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Have You Tried Our New Soup Today?
By Kim Hennig
Principal at Kim Hennig Marketing
The scene: two strangers sitting on a park bench. One turns to the other and tentatively says, "Hello..." The other spins around, grabs the first by the shoulders and bellows, "HI, THERE! HAVE YOU TRIED OUR NEW SOUP TODAY?"
A little off-putting, to say the least. Yet this is the scene played by far too many consumer marketers as they seek to establish themselves in social media. The traditional marketing playbook—seek (or build) a sizeable audience of potential customers, then pummel them with "sell" messages until they buy—doesn’t work here. In fact, it can be downright damaging to the brand.
While consumer marketing in social media is no longer in its infancy, it's not much beyond toddlerhood. A number of marketers, however, have grown up quickly and learned to execute well—in a variety of ways, but always consistent with the brand personality. Newcomers, as well as established players, would do well to learn from them.
These marketers probably didn't start with the questions, "Who will we have tweet for us?" or "Should we manage our fan page internally or outsource it?" For them, the real question was, "What's the appropriate voice for our brand?" While much has been written about the hugely-successful efforts of several marketers—like Whole Foods, Jet Blue, Best Buy and Starbucks—what they share in their approaches, each unique, is a relentless adherence to the voice of their brands.
Take a closer look at just one of them, Whole Foods. What comes to your mind when you think of the brand? It might be a passion for good food, a fresh market of specialty purveyors, experts in all that is organic and natural, or an accessible boutique of gourmet items. If those characteristics capture the essence of the brand, we certainly wouldn't expect messages like, "One week only! Two-for-one frozen peas!" What we'd expect—and get—from Whole Foods is expert advice, like insights on cheeses from Whole Foods Fromagerie on Facebook or from Cathy Strange, @WFMcheese on Twitter. Like a visit to your local farmer's market, through Whole Foods' social media channels, you can establish a relationship with the cheese monger, the vintner, the butcher.
This is not to say that price-point messages don't work in social media. Old Navy, for example, does an excellent job of sharing exclusive offers with its fans and followers, like the deal of the week. But the Old Navy brand is about deals, right down to its warehouse—like store décor. Do we really want a relationship with Old Navy, or are we looking for a heads-up on jeans at half price? The value voice plays to the brand.
The recent Consumer Electronics Show in Las Vegas provided social media fodder to a plethora of players, many of whom did it very well. For example, Sony clearly knows what its customers want: news about the latest and greatest technology, a firm grasp of what's hot, a peek under the tent. Sony delivered access for its fans and followers with a virtual booth tour before the show, a live stream of its press conference (featuring Taylor Swift) by way of a button on the Sony Facebook page, and an opportunity for camera buffs to ask questions of celebrity photographer Nigel Barker on Twitter. The Sony brand spoke with the voice of authority, experience, and expertise.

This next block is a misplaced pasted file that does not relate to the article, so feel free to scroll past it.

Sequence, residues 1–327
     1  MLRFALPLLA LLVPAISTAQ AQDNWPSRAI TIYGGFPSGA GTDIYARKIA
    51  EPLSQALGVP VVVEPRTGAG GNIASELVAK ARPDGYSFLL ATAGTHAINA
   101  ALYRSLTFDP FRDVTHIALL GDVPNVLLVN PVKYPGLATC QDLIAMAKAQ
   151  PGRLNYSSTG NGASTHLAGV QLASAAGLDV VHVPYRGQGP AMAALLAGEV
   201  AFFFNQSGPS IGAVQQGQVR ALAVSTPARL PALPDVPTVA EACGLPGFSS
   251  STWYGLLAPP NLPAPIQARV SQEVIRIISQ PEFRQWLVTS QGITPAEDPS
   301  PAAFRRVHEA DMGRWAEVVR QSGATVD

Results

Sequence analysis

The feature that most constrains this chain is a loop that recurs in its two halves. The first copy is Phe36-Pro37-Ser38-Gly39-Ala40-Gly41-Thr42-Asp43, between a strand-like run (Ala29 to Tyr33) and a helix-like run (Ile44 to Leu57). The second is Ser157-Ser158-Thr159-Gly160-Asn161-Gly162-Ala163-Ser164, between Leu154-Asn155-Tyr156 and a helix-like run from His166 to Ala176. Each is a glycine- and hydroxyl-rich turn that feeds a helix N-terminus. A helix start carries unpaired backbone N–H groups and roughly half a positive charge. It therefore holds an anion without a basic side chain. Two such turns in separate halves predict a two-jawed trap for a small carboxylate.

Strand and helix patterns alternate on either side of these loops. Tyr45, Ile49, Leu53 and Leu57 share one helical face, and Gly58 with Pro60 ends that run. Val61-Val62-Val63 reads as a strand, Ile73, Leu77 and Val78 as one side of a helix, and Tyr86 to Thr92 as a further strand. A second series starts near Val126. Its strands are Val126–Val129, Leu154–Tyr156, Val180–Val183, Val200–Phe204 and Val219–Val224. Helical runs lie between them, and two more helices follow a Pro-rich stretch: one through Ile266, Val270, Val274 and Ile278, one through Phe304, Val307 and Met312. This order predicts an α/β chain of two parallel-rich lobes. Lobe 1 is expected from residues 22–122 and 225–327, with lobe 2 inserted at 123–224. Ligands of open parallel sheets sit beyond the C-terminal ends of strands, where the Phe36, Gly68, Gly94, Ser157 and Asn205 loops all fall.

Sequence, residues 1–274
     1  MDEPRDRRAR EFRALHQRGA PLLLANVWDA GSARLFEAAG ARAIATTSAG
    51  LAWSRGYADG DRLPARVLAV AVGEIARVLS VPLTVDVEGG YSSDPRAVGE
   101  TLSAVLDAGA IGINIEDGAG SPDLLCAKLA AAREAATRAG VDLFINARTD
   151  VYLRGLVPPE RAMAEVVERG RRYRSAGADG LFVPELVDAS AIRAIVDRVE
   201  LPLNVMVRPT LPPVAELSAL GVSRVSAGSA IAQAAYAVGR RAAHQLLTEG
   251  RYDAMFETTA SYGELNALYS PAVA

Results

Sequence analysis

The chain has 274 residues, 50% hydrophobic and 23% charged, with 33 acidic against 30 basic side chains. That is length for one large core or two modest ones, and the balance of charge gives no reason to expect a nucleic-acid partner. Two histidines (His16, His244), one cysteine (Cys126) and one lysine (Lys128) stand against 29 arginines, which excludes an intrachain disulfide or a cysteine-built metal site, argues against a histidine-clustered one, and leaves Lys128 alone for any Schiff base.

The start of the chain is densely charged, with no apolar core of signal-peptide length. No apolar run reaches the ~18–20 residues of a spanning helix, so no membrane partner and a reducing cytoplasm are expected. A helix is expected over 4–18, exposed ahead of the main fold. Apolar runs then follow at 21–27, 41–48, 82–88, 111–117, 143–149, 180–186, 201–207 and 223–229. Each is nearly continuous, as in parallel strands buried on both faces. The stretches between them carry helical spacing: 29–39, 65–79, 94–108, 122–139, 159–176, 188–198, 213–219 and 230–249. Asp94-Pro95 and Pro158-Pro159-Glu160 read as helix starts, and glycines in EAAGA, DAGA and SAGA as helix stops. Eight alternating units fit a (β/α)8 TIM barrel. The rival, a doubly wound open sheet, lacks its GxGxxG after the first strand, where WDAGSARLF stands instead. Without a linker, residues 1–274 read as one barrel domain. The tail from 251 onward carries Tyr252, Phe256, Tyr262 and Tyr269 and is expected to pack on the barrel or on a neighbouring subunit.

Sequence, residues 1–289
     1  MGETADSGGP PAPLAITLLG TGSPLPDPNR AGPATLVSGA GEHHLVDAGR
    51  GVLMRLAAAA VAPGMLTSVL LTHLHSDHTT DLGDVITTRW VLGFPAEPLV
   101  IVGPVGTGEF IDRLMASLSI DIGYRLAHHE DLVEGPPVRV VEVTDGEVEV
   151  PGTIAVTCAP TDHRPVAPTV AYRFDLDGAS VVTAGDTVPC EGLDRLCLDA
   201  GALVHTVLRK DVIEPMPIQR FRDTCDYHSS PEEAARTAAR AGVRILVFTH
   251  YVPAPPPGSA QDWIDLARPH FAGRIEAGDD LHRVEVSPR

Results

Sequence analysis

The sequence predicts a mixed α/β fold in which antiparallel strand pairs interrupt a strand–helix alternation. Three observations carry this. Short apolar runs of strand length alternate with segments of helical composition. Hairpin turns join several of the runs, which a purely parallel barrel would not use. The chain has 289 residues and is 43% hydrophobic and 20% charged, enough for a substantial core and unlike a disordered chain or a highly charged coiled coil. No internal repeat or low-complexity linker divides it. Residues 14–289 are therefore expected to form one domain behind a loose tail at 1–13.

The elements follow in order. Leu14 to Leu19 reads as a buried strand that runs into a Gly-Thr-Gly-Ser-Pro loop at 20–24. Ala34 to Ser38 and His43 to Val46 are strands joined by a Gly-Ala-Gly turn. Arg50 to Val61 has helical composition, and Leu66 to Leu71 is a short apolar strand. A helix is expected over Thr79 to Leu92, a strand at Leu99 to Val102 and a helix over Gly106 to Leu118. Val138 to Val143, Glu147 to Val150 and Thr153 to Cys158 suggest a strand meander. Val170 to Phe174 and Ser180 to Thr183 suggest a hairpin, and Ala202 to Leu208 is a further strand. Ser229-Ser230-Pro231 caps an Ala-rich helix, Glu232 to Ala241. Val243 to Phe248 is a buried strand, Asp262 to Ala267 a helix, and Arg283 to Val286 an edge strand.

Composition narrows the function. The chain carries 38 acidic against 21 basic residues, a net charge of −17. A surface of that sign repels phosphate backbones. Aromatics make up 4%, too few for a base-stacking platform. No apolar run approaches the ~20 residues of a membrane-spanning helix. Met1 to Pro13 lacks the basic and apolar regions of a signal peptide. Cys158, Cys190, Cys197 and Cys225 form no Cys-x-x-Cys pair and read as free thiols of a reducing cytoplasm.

Small businesses can establish a social media brand voice as well. When "meet us on Facebook" popped up on the sign at my local dry cleaners, I visited its fan page and found not just coupons (though those were welcomed) but also advice on how to treat holiday party stains, what types of clothing to store professionally, and how to recycle hangers and laundry bags. With all of the dry cleaning options I have, Best Cleaners has become the voice of the expert in my little world.
Recently, I came across a colorful analogy that social media has become something akin to trying to take a sip of water from a fire hose. While our social media journey in recent times has been largely focused on amassing friends, fans, and followers, for most of us, the fire hose stream of messaging has become downright overwhelming. As a result, 2010 is likely to become a year of constriction and selectivity, as consumers begin to pare their streams to those marketers who are most meaningful to them and most consistent with the consumer vision of the brand. Those marketers who can't update the old playbook will quickly learn the power of unfollow.
Establishing a social media brand voice is more than just a way to begin in social media—it's an imperative for survival there.
To make friends on a park bench, you need some social skills. And you need to use the right voice.